As human beings, stories engage us. That is why storytelling is an essential tool to build your business.
In business, we have an ulterior motive for our storytelling. We want our customers to think of us when they are making the purchase. Even then, the tenets of compelling storytelling do not change.
Firstly, a weak story will never find an audience. Your audience should feel connected to and take something away from the story. Secondly, your story’s premise may be similar to a hundred others; what makes it unique is you, which needs to be a part of your narrative.
What has changed over the past few years is the availability of tools to present our stories. Creating fancy videos and beautiful graphics is no longer limited to companies with big budgets — anyone with a decent camera and a few apps can create engaging content.
But what constitutes a good story? How can it be used effectively? How can you differentiate yourself from your competitors? Let’s take a look.
We remember stories for the characters, their journeys and the outcome.
Who are the characters in your story? Is it your product or your technology?
What journey do you want your prospect to undertake? Is it finding a low-cost, effective solution to their problem or an introduction to a whole new way of doing inventory management?
What will be their take-away from the story? Is it information about the latest in the industry or an opportunity to make a change?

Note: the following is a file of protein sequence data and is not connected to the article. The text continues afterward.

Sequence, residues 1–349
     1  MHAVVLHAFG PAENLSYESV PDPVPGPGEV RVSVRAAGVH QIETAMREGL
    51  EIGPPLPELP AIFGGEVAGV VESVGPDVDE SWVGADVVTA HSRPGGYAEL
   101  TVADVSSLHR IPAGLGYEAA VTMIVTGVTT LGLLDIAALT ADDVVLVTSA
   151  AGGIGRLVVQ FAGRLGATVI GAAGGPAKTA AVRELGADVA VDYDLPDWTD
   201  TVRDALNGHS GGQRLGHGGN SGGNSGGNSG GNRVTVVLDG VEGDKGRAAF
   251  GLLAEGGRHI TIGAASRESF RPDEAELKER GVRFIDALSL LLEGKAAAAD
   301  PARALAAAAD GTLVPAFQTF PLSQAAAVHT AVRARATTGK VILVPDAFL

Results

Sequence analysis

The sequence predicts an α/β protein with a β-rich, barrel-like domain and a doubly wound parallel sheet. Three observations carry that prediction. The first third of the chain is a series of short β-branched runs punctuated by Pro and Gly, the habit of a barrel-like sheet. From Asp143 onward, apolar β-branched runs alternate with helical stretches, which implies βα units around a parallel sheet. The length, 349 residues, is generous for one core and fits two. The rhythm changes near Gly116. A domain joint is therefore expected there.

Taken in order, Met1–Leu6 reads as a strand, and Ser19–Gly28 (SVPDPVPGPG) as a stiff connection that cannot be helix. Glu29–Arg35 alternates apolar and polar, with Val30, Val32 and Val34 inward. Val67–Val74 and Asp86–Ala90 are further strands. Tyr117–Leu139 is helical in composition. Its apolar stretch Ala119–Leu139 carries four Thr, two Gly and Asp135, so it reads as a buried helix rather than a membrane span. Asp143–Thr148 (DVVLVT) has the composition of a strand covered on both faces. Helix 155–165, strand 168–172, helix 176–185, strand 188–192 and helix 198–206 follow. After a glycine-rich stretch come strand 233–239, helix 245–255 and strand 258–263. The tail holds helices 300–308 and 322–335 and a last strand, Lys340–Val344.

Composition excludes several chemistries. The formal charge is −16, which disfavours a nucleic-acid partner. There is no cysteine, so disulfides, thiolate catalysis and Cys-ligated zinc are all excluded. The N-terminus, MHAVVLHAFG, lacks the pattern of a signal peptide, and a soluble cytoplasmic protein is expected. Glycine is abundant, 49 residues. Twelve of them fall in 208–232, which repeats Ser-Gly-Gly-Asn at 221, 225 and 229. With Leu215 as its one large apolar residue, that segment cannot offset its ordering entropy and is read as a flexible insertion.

To flesh out the story, you need to identify the stage in the buying cycle where this story will influence your audience to take the action you desire.
Are you trying to build your expertise with them in the consideration stage, and do you want them to give their contact details for a demo?
Once you have established these goals, identify the format that would yield results. Would they prefer it to be an interactive rather than immersive tactic? Or do they like to hear the story from a human?
Presenting the story through a medium of the audience’s choice is crucial for success. A profoundly engaging story will not yield the desired results if it is delivered through the wrong channel.
The look, feel and voice of your brand should always be consistent. It helps the audience recall their previous interactions with the brand. It builds familiarity and authenticity, which are crucial to establishing trust. Consistent messaging, tone and terminology reaffirm the source of the story for the audience.
Brand guidelines help standardize the framework across the company. You can start by defining the primary and secondary colours, fonts and basic social media templates in the initial stages of developing your brand.
Numerous research studies have proven storytelling is the most effective tool to change behaviours. Stories evoke emotions and provide meaning, which help humanize a business. And if you ever get doubtful, take Margaret Atwood’s word: “You’re never going to kill storytelling, because it’s built in the human plan. We come with it.”